The 34-year-old left Ouessant, off the west coast of France, on November 4 and raced eastwards around the globe to finish in 42 days, 16 hours, 40 minutes and 35 seconds.
Sailing the 30-meter (98 feet) trimaran MACIF, Gabart shattered compatriot Thomas Colville's 2016 record
by more than six days.
Gabart's time for the 27,859-mile voyage makes it the second fastest circumnavigation ever, behind Francis Joyon and his five-man crew aboard the giant trimaran IDEC Sport, who clocked 40 days 23 hours on January 2017.
Gabart enjoyed favorable weather conditions throughout and crossed the finish line between Ouessant and Lizard Point off England's southwest coast at about 01:45 a.m Sunday.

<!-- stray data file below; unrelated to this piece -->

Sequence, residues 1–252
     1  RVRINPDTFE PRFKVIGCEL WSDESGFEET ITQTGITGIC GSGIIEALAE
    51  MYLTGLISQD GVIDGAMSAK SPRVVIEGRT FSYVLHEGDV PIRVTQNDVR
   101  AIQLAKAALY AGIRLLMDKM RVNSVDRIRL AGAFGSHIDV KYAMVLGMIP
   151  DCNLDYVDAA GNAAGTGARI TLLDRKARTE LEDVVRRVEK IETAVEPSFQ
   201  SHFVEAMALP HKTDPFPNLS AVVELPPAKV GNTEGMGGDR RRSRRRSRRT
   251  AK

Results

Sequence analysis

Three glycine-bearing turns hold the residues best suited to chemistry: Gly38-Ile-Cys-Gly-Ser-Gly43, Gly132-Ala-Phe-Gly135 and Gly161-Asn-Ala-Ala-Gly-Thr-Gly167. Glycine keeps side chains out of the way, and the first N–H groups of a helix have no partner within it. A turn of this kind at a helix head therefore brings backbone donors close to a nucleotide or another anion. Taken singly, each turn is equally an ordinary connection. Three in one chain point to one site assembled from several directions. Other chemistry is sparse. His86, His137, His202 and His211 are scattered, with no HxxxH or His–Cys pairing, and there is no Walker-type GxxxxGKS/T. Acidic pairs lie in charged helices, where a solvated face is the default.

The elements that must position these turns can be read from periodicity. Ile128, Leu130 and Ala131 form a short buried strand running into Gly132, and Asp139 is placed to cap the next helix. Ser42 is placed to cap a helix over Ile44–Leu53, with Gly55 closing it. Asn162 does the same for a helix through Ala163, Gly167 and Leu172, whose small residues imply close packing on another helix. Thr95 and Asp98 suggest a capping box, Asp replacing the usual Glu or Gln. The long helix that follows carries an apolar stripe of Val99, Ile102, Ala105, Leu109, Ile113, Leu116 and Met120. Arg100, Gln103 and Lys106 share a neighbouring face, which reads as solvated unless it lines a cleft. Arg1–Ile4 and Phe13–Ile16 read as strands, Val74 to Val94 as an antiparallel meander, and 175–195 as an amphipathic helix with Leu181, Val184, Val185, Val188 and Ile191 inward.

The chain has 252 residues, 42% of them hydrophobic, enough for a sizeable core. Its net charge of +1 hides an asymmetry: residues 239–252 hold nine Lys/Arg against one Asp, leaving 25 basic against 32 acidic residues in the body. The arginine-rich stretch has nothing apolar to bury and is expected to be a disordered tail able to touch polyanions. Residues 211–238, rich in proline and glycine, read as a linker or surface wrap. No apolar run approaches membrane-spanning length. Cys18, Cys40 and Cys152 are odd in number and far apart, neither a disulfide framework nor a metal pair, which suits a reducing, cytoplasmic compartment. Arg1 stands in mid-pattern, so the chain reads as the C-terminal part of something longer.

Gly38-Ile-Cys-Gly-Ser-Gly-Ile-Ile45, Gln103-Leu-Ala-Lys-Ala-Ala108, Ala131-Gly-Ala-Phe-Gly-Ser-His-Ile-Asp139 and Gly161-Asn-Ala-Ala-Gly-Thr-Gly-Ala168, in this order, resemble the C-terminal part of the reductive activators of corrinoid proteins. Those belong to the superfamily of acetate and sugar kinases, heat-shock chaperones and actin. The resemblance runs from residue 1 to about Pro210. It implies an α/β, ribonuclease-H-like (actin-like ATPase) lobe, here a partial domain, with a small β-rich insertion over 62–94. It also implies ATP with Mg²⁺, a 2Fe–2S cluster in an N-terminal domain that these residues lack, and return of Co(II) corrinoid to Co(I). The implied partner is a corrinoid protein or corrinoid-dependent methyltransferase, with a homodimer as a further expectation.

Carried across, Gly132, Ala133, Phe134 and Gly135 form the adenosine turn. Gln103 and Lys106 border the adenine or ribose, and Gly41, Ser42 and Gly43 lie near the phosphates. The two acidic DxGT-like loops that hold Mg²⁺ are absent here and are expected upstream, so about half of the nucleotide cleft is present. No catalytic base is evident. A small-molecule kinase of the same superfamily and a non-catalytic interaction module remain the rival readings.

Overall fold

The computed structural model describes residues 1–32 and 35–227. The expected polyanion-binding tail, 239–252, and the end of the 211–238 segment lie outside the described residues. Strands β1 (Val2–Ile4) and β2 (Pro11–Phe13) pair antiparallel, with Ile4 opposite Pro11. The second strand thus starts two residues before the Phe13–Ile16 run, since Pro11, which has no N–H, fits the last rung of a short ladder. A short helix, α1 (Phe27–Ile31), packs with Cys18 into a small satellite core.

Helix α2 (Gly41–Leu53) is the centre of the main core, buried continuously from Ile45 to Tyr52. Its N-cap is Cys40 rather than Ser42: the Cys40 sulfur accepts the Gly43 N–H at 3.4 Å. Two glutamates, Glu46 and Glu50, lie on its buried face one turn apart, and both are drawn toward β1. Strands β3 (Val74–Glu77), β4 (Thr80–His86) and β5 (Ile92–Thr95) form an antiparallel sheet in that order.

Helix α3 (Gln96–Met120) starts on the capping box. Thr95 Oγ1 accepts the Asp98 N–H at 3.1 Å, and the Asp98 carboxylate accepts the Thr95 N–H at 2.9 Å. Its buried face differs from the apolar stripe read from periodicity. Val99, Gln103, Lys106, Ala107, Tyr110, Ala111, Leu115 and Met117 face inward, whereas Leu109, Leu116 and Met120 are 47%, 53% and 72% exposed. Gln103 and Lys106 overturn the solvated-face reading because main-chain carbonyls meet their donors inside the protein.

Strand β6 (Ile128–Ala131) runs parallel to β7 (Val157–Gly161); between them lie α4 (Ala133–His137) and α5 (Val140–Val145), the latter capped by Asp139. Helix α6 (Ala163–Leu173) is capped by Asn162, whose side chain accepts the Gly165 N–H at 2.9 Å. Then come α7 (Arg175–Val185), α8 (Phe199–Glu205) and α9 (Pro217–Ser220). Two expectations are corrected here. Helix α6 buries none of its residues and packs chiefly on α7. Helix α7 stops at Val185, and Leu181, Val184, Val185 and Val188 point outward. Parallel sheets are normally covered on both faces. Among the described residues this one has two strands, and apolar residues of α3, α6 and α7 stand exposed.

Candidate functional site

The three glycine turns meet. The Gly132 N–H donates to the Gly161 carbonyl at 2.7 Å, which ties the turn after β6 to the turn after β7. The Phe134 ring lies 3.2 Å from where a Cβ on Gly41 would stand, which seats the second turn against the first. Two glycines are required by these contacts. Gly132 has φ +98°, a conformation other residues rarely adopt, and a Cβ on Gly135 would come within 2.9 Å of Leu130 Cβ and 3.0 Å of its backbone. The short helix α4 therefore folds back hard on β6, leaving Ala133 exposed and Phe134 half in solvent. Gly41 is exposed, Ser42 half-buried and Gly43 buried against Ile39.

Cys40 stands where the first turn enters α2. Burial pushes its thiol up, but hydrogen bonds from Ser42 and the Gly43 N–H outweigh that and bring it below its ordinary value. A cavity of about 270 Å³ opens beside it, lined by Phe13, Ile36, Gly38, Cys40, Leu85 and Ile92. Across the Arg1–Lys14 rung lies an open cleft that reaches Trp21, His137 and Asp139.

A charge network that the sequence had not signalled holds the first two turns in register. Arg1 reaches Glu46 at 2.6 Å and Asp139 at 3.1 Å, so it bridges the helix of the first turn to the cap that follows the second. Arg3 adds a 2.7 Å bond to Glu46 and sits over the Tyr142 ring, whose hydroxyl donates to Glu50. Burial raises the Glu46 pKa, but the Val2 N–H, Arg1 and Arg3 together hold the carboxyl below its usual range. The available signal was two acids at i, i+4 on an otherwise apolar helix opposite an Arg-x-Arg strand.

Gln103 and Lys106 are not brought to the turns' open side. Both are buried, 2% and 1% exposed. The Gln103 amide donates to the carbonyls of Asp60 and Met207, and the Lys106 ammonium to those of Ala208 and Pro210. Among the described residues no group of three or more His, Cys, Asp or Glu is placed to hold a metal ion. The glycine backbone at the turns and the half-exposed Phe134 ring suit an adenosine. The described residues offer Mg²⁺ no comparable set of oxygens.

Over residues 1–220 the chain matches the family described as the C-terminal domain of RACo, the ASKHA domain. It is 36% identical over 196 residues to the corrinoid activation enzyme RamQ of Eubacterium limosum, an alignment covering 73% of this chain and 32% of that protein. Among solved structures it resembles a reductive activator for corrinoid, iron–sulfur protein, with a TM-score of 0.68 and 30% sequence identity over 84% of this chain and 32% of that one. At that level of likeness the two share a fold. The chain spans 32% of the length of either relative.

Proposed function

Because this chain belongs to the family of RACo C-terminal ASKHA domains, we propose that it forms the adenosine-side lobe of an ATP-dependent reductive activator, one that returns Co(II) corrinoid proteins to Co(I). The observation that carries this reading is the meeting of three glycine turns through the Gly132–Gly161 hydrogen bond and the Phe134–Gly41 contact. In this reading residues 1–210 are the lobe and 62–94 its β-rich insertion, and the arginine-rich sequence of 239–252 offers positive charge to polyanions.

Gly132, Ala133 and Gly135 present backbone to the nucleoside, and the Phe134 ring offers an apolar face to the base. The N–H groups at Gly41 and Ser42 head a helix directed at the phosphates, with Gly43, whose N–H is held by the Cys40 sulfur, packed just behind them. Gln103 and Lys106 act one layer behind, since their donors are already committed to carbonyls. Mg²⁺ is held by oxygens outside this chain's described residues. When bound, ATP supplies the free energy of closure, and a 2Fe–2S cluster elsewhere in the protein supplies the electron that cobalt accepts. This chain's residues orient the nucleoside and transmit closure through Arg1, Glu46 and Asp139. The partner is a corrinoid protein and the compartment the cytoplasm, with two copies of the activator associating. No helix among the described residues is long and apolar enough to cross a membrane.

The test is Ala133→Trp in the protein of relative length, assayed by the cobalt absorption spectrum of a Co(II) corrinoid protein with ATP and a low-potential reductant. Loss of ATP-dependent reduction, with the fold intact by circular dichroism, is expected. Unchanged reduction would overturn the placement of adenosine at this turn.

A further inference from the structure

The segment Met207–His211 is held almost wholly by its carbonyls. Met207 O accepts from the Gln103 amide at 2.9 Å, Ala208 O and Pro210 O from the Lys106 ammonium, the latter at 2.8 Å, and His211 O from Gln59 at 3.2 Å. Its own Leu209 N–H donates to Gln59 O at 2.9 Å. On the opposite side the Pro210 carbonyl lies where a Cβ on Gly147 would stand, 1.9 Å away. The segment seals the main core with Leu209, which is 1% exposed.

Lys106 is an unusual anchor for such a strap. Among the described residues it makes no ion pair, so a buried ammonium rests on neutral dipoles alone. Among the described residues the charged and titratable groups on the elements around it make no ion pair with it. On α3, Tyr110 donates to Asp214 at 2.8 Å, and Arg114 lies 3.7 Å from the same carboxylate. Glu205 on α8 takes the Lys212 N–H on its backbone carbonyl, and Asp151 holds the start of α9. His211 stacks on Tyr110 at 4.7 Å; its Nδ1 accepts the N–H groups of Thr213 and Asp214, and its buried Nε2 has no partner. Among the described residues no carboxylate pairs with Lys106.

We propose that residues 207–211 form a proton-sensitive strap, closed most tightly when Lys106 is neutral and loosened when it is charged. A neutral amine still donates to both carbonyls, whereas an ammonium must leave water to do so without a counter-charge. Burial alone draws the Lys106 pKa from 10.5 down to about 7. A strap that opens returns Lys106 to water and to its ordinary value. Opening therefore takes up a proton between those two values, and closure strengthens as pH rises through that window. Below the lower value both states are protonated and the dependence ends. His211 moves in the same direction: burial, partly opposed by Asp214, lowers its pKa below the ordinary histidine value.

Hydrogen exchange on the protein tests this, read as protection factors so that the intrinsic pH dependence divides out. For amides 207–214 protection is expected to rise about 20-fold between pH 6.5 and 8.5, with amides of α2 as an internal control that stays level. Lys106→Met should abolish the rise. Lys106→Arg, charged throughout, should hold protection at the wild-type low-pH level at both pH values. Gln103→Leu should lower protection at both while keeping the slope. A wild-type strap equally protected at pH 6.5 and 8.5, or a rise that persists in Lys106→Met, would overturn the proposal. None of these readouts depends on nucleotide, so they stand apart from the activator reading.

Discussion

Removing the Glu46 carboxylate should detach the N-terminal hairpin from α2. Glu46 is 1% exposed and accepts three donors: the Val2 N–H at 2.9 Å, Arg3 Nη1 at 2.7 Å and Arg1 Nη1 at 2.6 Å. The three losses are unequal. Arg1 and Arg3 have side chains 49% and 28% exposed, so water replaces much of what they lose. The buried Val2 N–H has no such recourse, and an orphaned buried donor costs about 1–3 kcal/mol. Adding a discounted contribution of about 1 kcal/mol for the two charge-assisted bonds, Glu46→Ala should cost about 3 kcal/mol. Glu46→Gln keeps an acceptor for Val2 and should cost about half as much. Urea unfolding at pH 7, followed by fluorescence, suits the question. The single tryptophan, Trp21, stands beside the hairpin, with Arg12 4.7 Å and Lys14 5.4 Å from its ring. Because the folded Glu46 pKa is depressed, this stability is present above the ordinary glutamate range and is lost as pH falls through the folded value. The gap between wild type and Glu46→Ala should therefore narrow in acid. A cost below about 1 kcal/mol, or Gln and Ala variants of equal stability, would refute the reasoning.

"I never dreamed of a time like this," Gabart told reporters after docking in the French port of Brest.
"On paper, with the weather and with what I am capable of doing with this boat, it was possible to beat the record, but in the best scenarios only by one or two days. It's quite extraordinary."
Colville, in turn, shaved more than eight days off Joyon's 2008 solo mark.
Before that, Britain's Ellen MacArthur held the record with a time of 71 days, still the fastest by a woman.
The fastest time for sailing solo around the world in a monohull is 74 days three hours 35 minutes, set by Frenchman Armel Le Cleac'h in winning the 2016-2017 Vendee Globe.
Long distance offshore sailing, both crewed and solo, has a long tradition in France.
MacArthur is the only non-French sailor to have held the solo record since American Dodge Morgan reduced the monohull mark to 150 days in 1986.